Warren Building

WCWP 10A: The Writing Course A

Introduction to Academic Argumentation

The purpose of the Warren Writing sequence is to enable undergraduate students, through intensive practice, to read and write academic arguments in preparation for their work in various academic disciplines. It is required of all Warren College students.

Prerequisite:  Satisfaction of the university Entry Level Writing Requirement (ELWR) also known as Subject A.  Open to Warren College students only. (Letter grade only.)

Each year, all classes focus on a single topic for the 10A course, and writing assignments are consistent across all 10A sections. The topic for 2017-2018 is "The Pursuit of Happiness." 


It is highly recommended you take 10A as soon as you are able to. Our classes tend to get impacted and since 10A, 10B, 27, and 28 need to be completed in sequence, the sooner you take 10A the less likely you are to incur delays in your GE progression.


2017-2018 Topic

"The Pursuit of Happiness"

Are you happy? How do you measure happiness? Does everyone pursue happiness? Should they? What does it mean to have a right to “life, liberty, and the pursuit of happiness”? Warren Writing 10A asks you to consider these questions in relation to your own lives, beliefs, activities, and pursuits, and thus to assess how your own definitions and philosophies of happiness shape the way you see, understand, and live in the world. In this course, you’ll begin by analyzing the ways philosophers, sociologists, psychologists, ethicists, economists, and spiritual leaders examine questions about the nature, philosophy, and pursuit of happiness. You’ll then enter into this “conversation” of writers to develop your own, original arguments about the topic.

WCWP 10A enables you and your peers, through intensive practice, to read and write arguments in various academic disciplines. In our courses, you’ll learn to analyze arguments; to make thoughtful decisions and connections based on that analysis; to practice all aspects of the writing process; to generate ideas for writing; to make an original claim that is informed by multiple sources; to incorporate premises and evidence to support that claim; to integrate your sources effectively; to cite sources appropriately and correctly; to weigh various kinds of feedback and effectively revise; to develop the ability to reflect on your own thinking and writing; and to use what you learn on future writing projects (both academic and professional).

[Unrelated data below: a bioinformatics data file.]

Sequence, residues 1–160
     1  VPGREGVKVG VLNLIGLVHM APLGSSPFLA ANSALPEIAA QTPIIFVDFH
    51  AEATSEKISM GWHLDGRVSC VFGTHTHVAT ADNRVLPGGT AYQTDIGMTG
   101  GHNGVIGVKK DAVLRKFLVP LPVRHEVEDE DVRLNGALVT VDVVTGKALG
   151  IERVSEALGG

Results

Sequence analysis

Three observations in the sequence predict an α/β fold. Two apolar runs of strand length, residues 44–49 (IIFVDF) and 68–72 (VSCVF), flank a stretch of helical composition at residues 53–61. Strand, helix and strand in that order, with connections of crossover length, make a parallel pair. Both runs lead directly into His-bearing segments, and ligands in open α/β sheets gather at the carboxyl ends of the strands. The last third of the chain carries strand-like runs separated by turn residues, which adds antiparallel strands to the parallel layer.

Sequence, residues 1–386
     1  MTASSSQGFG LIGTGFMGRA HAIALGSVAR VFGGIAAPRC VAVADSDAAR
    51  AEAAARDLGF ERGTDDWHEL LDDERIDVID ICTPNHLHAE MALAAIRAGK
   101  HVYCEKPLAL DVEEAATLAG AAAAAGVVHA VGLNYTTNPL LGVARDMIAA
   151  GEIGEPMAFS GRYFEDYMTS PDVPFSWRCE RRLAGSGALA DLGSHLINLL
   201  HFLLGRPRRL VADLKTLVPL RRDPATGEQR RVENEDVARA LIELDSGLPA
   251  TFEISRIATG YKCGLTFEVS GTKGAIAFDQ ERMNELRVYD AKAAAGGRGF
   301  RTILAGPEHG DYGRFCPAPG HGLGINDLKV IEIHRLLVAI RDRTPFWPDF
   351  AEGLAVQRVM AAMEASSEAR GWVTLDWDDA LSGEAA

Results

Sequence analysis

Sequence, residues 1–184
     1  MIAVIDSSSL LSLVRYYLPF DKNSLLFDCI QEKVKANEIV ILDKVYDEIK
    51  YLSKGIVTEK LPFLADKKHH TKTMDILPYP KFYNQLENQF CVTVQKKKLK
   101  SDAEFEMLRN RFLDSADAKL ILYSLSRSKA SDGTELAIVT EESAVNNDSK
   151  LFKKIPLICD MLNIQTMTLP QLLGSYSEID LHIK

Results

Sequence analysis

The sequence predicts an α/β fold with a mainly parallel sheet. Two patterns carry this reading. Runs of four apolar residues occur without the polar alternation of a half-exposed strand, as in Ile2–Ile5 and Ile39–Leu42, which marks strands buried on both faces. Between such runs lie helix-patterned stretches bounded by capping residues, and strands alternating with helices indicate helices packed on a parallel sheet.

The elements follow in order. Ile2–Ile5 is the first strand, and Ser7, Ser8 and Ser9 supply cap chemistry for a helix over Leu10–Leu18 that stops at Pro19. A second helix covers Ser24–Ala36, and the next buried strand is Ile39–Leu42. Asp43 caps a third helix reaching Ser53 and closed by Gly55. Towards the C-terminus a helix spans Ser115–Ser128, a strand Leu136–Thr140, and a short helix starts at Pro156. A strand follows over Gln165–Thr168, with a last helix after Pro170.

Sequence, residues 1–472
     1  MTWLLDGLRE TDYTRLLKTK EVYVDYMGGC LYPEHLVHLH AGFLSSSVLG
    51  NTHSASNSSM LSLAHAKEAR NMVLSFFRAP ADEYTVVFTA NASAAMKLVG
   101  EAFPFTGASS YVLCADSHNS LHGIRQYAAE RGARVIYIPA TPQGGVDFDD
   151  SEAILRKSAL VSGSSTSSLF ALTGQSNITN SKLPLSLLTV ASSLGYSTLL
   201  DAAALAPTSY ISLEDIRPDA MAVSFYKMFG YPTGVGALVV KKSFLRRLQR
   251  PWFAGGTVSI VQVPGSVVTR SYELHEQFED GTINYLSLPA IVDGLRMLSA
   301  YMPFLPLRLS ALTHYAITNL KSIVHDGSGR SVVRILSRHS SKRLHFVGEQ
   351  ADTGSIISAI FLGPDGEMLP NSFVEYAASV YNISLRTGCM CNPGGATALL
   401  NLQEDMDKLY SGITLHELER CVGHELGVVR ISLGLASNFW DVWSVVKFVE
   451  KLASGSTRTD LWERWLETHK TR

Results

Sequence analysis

Inquiry of this nature forms the central pillar of academic and professional work in all disciplines. New ideas arise through a time-honored process: reading the extant conversation, raising interesting questions about it, gathering the best possible evidence, and ultimately redirecting the conversation in a new and original way—relating your ideas through arguments that are clear, persuasive, and logically sound. As a student in WCWP 10A, you’ll cultivate these same practices, with the goal of better preparing to enter a 21st-century research university and information economy whose coin of the realm is innovation.


For current list/schedule of instructors, please visit the People page.